“Miss Johnson, Miss Johnson, what is your phone number?” the police officer in my living room asked.
I remember rubbing my hands through my hair and trying so hard to remember my phone number. Simple question but I was so intoxicated the numbers weren’t coming to mind. “Just give me a second and I’ll tell you”. The number never came to mind, he asked how much I had to drink that day. I could remember that, or at least somewhat. What I could not for the life of me remember is where my son was. I had called 911 to report him missing. Local police along with the Oklahoma University police surrounded my house and were up and down my street trying to find my son who was 7 at the time. My daughter who was 4 at the time had to be picked up by a friend from the YMCA, I had left her there after closing time.
My son called my from the karate studio where I had left him to play, the cops picked him up, packed the kids bags and put them in the back of the police car. I stood on the sidewalk watching them drive away, drunk and an emotional mess. “You HAVE to surrender” my friend told me. A few women who were sober were there, they had come to be with me in my drunken mess that I had just made. “I don’t know how!!” I told her.
That was May 18, 2015. A day I’ll never forget.
I remember the days leading up to that day. I had been struggling internally for a while. I had been barely keeping my head above water, it was only a matter of time before I went under. It felt to me I was under so much pressure, I felt like I was being pulled in so many directions expected to be so many things other than what I was. I didn’t KNOW who I was. My recovery didn’t feel like mine! The man I was dating wanted me to be one way, my sponsor wanted me to be another, a toxic friend wanted me drunk, it felt like I was being pulled in every direction. Not only that, my son was out of control. I was at the school every other day if not everyday. At the time he was taken he was only allowed to be at school until 1030am because he was too much for the school to handle. There I was trying to be everything and do everything to everyone and for everyone, not knowing that I could only survive that way for so long before I drowned.
The night before they were taken I remember standing in my living room about to go to the bar, I knew what could happen, but I was already under water and I needed air. The next morning I woke up still intoxicated but I wasn’t ready to face myself. I kept drinking. I wasn’t ready to face all the stuff that I was trying to drink away. Until I had to.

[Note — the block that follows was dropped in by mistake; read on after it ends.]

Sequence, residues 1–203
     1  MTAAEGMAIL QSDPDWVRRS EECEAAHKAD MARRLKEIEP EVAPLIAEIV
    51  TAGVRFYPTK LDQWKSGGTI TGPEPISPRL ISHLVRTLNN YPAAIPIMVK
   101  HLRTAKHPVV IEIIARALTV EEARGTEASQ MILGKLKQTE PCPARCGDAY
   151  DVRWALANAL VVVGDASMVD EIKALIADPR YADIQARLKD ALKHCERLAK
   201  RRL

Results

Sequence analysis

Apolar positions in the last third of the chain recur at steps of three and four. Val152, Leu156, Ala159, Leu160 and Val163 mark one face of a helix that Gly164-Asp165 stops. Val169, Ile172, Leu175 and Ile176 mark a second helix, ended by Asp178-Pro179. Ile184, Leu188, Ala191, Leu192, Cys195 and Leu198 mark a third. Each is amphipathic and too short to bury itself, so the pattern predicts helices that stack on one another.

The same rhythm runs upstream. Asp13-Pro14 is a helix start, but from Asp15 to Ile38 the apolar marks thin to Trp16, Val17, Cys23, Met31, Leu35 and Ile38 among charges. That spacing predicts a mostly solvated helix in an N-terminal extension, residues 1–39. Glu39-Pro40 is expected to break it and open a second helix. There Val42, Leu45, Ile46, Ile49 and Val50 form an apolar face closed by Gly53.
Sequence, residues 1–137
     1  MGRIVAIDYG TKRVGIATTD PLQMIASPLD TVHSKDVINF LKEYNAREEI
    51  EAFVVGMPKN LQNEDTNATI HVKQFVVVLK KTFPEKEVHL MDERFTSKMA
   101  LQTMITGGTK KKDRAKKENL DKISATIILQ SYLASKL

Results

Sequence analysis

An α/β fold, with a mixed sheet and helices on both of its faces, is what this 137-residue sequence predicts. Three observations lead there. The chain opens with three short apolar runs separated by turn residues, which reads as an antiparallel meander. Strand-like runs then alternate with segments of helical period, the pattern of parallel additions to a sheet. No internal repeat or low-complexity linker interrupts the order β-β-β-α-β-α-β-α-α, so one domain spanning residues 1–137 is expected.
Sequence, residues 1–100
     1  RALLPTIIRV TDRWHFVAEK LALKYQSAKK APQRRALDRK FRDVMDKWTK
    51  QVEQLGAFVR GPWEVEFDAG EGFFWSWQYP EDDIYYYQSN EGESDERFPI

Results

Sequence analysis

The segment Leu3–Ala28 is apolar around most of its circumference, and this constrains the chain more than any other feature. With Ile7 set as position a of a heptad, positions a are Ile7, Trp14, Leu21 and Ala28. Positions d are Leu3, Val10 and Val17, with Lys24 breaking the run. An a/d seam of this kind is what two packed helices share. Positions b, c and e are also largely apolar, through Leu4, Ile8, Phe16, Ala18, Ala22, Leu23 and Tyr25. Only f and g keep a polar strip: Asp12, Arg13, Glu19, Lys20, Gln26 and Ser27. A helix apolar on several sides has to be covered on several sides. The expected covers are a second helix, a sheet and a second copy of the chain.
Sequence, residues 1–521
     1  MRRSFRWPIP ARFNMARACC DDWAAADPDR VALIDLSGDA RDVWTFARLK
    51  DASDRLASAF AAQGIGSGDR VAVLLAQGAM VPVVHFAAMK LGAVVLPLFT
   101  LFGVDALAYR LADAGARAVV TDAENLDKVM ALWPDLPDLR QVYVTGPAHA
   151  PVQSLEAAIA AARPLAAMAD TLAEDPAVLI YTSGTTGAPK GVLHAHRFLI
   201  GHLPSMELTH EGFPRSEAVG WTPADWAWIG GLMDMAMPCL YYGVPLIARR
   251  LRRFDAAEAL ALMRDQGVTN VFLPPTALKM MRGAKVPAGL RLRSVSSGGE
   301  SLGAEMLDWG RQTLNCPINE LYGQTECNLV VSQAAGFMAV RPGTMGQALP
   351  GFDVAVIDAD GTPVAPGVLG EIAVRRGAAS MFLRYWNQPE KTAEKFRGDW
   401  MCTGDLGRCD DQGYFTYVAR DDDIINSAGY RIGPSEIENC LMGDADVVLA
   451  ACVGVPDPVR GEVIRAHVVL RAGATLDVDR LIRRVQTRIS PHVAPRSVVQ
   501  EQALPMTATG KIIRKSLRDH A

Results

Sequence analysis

I’ll never forget standing on that sidewalk in front of my house, a sobbing drunken mess, watching my kids be taken away.
I remember standing in front of the same judge I had once before deciding where my kids would live once again and thinking to myself “This is how it is when I drink, it’s always been like this and it always will be, but not only do I suffer consequences, my kids do too.” I didn’t realize it at the moment, I was in too much pain, but I surrendered. I finally threw my hands up in the air and said “YOU WIN!”
May 19, 2015 is my sobriety date. Two years sober. Wow. I don’t remember ever going that long without numbing out somehow.
The night I made the decision to blow up my life, the night I drowned, I remember the pain I was in. I remember knowing that it would all go away with just one drink, even though it’s never just one drink, but I didn’t care. I wanted to not feel anything. The next morning when I woke still intoxicated I remember not being ready to come down from that high. I had done this so many times, I knew all the stuff I was trying to drink away was still there waiting for me, I had only pushed it to the side, all the pressure, stress, frustration, resentments, they were all still there! Not only were they still there, but now there was guilt, shame and remorse piled on top, not just from that night but from every other night I did and said things I regretted. It was heavy. And I wasn’t ready to feel it.
These past two years has been about unpacking the guilt, shame, and remorse. Unpacking it little by little, sitting with it, feeling it, learning from it. It’s been about acceptance. Accepting that I can NOT drink without bad things happening. It’s been about forgiving myself. Forgiving others for not being who and what I thought they should be. It’s been about loving myself and others just as we are at this very moment. It’s been about sharing my experience with others so they don’t feel so alone. It’s been about setting boundaries, letting go of friendships that don’t serve me anymore, and listening to my inner voice instead of the loud voices outside of me. It’s been about paying it forward to other sober moms out there with my nonprofit. It’s been about owning my story, holding my head high and showing others we don’t have to be ashamed anymore. It’s been about rebuilding my relationships with my kids. And WOW, what an amazing relationship we have today. It’s been about living my life the way it feels right to ME, nobody else, just me. Most importantly, it’s been about creating a life I don’t want to escape from.
That’s a good feeling!
Im not saying this sober life is easy, I still have my struggles, I still have days that suck, I just don’t have to drink over it anymore. I don’t have to numb out. I now know that it will pass and that drinking will only make it worse. Took a long time to get to where I am today, and there is NO way I’m going back. I’m not sure I’d make it back from another relapse and I’m not willing to risk my life and my kids lives, it’s not worth it! I already know where drinking takes me and it’s a miserable path, I’m ready to see where this recovery road leads.
I’m looking forward to what the future has in store for me and my kids. I’m looking forward to connecting with many more sober warriors living life out loud. The sober life is a good life, just took me a while to figure it out. Takes what it takes!